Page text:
“We sent out letters to the whole community,” says Mueller, “but only 25 people showed up. Most of them were from the public agencies.”

“The sad thing about it is,” says Langford, “all the cars we’ve towed since then could have been avoided if people had simply shown up and participated at the meeting. Instead, now we’re getting all kinds of complaints—‘Why are you towing me?’ ‘Why are you hassling us?’”

Langford says the stepped up enforcement isn’t arbitrary, but came in direct response to Engine 69’s call for improved road access in event of a fire, an issue discussed at length at the August 10 meeting. “We really want people’s input at the front end of the process. The people at the meeting had some really good suggestions.”

To a man, however, the officers say the rapport they share with Topanga’s citizens is one of the most enjoyable parts of their job. In fact, it’s one of the reasons why Captain Klein has saved the program in the Santa Mountains even though it is no longer budgeted by the state.

When the state cut the funds for the program, Klein made the decision to continue to dedicate four of his officers to keep a community outreach program running in the unincorporated county area. Klein’s deep-seated commitment to Topanga and the Santa Monica Mountains was born as a young officer who spent six years stationed out of the old Malibu station, patrolling the back roads of the mountains and getting to know the people of Topanga. Klein recalls with a smile one dark and rainy night in 1985 when he was stranded outside Brano’s (today marked by the pink flying pig), his patrol car stuck deep in the mud with a flat. A Topangan in an old International pick-up came to his rescue with a heavy-duty jack—a definite role reversal. “I’d have been stuck there ‘til New Year’s if he hadn’t helped me out,” says Klein. “I guess you can say I’ll always have a special place in my heart for Topanga.”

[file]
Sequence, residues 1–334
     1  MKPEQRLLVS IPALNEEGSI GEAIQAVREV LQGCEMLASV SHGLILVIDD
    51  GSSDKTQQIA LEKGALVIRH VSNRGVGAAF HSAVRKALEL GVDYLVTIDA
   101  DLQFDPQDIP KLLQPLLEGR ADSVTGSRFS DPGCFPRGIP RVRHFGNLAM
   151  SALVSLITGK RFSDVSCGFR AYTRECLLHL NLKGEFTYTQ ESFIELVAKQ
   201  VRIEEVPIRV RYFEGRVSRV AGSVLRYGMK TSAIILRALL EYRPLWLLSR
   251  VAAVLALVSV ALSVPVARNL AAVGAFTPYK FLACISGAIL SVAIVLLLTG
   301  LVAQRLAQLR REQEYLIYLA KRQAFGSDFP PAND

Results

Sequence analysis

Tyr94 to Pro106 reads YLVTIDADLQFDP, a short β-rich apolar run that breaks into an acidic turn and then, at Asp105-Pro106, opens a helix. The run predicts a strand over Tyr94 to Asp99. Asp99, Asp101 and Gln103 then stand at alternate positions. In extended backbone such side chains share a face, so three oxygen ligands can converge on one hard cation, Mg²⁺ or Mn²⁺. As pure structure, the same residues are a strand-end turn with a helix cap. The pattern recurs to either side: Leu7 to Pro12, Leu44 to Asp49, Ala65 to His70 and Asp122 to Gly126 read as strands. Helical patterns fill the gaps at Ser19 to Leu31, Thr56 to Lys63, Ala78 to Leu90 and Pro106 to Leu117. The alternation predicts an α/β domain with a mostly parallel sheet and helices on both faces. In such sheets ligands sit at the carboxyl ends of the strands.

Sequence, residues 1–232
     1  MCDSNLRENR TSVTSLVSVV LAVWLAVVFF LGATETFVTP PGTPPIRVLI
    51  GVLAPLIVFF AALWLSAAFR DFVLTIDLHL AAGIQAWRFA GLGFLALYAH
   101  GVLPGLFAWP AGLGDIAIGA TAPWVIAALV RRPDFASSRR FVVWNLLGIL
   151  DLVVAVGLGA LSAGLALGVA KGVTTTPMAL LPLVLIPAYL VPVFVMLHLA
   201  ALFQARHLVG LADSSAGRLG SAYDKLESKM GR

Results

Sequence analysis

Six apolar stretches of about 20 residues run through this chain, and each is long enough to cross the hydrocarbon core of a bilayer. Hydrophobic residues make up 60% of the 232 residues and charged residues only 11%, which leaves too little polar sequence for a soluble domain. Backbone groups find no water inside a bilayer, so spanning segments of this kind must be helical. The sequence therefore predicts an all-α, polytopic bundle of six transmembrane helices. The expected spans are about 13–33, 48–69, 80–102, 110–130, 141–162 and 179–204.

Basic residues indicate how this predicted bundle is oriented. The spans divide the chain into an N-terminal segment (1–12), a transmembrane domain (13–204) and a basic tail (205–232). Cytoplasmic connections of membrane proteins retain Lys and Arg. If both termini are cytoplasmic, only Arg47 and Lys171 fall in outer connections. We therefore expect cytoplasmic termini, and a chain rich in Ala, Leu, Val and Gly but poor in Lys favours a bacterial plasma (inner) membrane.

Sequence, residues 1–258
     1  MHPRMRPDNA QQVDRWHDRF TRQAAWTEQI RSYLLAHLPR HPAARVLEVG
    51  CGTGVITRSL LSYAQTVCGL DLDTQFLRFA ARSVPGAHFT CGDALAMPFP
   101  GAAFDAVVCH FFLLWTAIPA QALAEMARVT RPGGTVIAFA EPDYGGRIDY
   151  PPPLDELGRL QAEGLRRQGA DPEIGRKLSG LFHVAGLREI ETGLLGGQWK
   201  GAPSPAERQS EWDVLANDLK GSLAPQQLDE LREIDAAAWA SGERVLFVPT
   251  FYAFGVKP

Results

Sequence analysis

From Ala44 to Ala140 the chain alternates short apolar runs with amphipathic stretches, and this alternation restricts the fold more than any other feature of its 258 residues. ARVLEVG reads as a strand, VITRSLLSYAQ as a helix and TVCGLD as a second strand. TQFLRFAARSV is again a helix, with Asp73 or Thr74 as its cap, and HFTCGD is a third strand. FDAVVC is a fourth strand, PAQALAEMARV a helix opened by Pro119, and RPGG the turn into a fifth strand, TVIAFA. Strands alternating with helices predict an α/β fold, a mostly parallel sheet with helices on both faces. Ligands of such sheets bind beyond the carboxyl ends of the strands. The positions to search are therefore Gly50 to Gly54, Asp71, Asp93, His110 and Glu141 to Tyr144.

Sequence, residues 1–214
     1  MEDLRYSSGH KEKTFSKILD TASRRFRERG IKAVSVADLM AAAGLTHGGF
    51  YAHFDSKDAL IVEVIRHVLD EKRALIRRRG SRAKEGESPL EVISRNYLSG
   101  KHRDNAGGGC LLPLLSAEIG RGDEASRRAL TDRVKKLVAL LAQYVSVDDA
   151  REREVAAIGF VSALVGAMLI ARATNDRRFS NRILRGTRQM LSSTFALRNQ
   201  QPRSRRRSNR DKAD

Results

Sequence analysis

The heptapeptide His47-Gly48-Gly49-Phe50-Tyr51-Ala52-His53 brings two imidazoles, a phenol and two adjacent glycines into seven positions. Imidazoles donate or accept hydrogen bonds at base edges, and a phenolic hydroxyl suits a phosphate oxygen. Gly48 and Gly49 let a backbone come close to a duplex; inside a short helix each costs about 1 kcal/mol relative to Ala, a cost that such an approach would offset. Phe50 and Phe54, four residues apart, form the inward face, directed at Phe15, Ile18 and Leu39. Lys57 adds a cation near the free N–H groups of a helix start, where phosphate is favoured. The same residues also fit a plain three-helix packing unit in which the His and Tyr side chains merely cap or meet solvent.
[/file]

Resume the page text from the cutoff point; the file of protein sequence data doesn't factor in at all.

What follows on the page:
Though Klein modestly declines special credit for the program, PAO Officer Tang points out the sacrifices Klein and his predecessor Deputy Chief Mike Brown have made to keep the program alive. “Chief Brown and Captain Klein did a lot of things in the office to defer purchases of officer furniture and non-essential equipment to keep the program going. This furniture is older than I am—the desks predate the ’60s,

says Tang.

Officer Abramian has invited me to ride along with him to experience a typical shift patrolling Topanga in his slick-top radio car.

As we buckle up, an alarm sounds reminding us that this is no joy ride. It is a signal reminding Abramian to check his firearms. Abramian carefully unloads, inspects, and reloads his shotgun and a military-style Colt semi-automatic rifle, then locks them into the